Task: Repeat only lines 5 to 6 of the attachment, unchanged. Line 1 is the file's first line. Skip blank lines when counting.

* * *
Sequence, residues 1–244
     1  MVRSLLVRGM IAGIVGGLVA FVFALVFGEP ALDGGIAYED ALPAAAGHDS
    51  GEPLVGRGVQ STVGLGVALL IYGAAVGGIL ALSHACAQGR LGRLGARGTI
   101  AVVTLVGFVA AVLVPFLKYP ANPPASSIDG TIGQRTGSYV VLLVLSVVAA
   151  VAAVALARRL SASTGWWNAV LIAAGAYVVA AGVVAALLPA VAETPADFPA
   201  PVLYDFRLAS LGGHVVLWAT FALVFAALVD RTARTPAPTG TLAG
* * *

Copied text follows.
   151  VAAVALARRL SASTGWWNAV LIAAGAYVVA AGVVAALLPA VAETPADFPA
   201  PVLYDFRLAS LGGHVVLWAT FALVFAALVD RTARTPAPTG TLAG